An Intro to Group Sex Etiquette

An Intro to Group Sex Etiquette

When it comes to common fantasies, mixing things up with group sex ranks at the very top. Whether you’re planning a cozy threesome with a partner and a trusted friend or are hoping to attend an Eyes Wide Shut-style extravaganza, there are some pretty serious Do’s and Dont's to consider;


DO follow the house rules or the ground rules.

If you are attending an established sex party, there will most likely be house rules. These are not suggestions, they are rules, and they are rules for a reason. If you’re engaging in group sex outside of a formal setting, it’s important to set some ground rules (including a safe word) that everyone is comfortable with. Sure, the conversation might be uncomfortable but it’s important that the sex isn’t. 

 

DO communicate.

Beyond rules, you need to discuss things, like each person's pronouns, boundaries, likes, desires etc. Try using our Yes, No, Maybe List as a jumping off point. It's just a conversation starter. You can always adjust and change your mind on the fly.


DON’T underestimate the risk.

While there is no such thing as 100% ‘safe sex’, we certainly encourage safer sex. When it comes to group sex this can get much more complicated if you are switching between partners. You will most likely be asked to disclose your STI status and it is crucial not to lie (even if the answer is that you don’t know). If a partner/playmate has just engaged with someone else, speak up if you would like them to change their condom or gloves. Don’t be shy, this is a perfectly normal and reasonable request. The same goes for toys. If toys are being shared, be clear if you need protection to be used.


DO get consent at every step.

We can’t say this enough. There may be an underlying idea that if you’re at a sex party you’re down for anything. This is absolutely untrue and enthusiastic consent needs to be given from each partner/playmate and for each new act. Requesting consent doesn’t need to be a buzzkill, and can sound a lot of different ways, from “I would love to touch you here, is that something you like?” to “You have beautiful lips, can I kiss you?”. Make it part of the play but listen for an enthusiastic “yes” before proceeding.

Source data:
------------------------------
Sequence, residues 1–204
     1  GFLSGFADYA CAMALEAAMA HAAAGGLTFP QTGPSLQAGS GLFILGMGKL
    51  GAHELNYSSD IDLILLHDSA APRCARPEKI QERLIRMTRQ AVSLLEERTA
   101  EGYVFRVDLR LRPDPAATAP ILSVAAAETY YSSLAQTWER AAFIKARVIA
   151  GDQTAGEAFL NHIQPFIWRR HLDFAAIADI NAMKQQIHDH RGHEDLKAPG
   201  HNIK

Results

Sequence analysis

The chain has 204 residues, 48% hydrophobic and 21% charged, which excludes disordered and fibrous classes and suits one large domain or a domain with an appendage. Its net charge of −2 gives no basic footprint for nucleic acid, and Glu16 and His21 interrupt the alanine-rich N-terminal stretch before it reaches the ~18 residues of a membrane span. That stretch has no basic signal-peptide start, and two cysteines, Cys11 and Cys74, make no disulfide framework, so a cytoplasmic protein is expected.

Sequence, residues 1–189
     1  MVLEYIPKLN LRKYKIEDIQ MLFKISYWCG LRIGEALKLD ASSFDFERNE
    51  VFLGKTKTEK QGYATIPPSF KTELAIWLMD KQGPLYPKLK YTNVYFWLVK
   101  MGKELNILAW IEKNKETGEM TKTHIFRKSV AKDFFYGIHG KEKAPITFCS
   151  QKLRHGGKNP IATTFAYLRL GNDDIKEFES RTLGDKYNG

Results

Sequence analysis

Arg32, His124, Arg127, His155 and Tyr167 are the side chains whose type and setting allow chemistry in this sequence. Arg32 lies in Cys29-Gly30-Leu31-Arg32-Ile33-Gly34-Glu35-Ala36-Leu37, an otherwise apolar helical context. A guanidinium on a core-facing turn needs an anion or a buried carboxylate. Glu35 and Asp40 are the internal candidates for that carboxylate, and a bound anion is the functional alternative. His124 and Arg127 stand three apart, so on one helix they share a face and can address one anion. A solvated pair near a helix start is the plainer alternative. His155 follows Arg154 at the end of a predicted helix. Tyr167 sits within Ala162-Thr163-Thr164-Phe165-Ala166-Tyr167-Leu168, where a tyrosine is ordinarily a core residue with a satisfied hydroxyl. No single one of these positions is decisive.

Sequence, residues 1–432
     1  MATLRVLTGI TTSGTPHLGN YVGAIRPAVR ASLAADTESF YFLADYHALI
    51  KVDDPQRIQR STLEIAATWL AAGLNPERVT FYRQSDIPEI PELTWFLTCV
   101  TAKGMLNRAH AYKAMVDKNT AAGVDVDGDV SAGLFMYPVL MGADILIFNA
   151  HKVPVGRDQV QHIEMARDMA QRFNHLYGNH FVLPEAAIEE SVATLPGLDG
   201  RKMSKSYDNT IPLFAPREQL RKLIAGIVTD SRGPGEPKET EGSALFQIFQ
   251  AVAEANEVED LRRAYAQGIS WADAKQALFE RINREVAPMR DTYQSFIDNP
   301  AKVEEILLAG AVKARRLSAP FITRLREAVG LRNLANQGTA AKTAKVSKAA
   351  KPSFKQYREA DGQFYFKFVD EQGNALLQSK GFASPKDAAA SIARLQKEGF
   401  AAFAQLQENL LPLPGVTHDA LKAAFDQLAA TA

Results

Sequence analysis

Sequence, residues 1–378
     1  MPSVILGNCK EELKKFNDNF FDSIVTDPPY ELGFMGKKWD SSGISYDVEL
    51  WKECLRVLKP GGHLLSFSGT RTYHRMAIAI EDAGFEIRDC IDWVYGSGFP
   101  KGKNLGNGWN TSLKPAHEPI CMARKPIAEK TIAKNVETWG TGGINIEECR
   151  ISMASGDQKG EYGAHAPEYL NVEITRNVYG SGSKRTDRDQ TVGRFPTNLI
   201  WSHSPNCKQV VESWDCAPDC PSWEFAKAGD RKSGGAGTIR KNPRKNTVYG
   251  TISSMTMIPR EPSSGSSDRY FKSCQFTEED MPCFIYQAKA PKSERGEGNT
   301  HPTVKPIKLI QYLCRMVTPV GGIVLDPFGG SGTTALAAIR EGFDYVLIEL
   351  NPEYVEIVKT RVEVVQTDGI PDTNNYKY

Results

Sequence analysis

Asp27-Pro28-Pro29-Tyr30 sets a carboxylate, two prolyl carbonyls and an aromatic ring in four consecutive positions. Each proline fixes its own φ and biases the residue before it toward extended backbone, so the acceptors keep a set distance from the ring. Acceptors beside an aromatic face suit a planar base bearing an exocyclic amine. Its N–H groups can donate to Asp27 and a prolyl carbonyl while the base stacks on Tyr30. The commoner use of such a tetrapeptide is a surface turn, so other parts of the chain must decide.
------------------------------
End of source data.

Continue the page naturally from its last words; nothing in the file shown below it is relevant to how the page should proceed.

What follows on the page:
DON’T forget to shower and brush your teeth.

While things might get pretty sweaty and steamy, be sure that your body is nice and clean and free from strongly scented products (even if your steady partner loves your Santal33, someone else may be completely allergic).


DO check in with partners.

If you’re engaging in group sex with your own partner, it’s crucial to make sure they are feeling just as comfortable as you are. If this is the first time for them, or for both of you, this can shift the dynamic of your sex life, for better or for worse. If anyone feels left out, ignored or uncomfortable, those are valid feelings to acknowledge. If the reverse is the case, and you are the one feeling off, communicate your feelings rather than harboring them inside where they can turn into jealousy, anger and resentment.


DO engage in friendly conversations.

While Kubrick-level theatrics may be what you fantasized about, the real world version may be much more, well, normal. People discussing movies, restaurants etc. Like a first date in fast forward. These conversations may end in an invitation for sex, or they might not. Which brings us to…